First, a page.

I would much rather see the career of a figure like Natalie de Blois, a tireless corporate soldier working nearly invisibly at SOM during the 50’s and 60’s, excavated and elevated by academic discourse. She is a true hero for every architect, male and female, who has toiled silently, problem solving, detailing and coordinating the intricate weave of creative and technical requirements that makes a building such an exquisitely intelligent endeavor—a one-off with massive social impact, as opposed to the mass-produced object, the social impact of which is entirely more intimate and individual.
As relates to architectural education, students must understand the value of building design to the field of architecture. It is striking that this last sentence needs to be written at all, but such is the state of architectural education that students might actually wonder if there is any creative content in the design of buildings anymore, or if buildings are simply BIM-generated backdrops for furniture, installation and products or at the opposing scale of “grands projets,” objects for cities. Buildings are an integrated web of technical systems, cultural imperatives and human habitation or, as one man famously said, “architecture is the mother art.” For women to settle for creative leadership in anything but the design of buildings is, in my view, a relinquishing of power at precisely the moment when women can bring special gifts to an embattled profession suffering from corporate agglomeration and social irrelevance.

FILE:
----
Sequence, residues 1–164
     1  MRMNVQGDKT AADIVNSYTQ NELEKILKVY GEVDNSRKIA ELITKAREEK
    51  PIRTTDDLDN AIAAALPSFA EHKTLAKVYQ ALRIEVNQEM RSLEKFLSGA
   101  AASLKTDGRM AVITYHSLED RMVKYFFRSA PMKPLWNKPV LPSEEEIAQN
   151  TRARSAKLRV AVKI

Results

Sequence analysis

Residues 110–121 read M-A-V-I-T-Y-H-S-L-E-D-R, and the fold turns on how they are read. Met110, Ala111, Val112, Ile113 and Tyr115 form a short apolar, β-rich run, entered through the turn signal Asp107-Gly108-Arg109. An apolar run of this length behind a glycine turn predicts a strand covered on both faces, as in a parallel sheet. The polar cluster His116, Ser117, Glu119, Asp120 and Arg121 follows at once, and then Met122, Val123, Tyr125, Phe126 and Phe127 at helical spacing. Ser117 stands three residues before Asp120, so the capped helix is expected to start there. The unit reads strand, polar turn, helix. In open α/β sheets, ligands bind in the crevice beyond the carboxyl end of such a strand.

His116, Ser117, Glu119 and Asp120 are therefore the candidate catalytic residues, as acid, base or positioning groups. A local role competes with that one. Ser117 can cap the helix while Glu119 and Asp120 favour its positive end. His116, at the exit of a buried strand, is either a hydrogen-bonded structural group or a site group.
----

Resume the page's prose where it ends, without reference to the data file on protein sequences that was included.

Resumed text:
How to Cite this Article: Richmond, Deborah. “Feminism and Architecture: Rebuttal to Marta Rodriguez,” JAE Online, July 8, 2015, http://www.jaeonline.org/articles/symposia/feminism-and-architecture-1#/.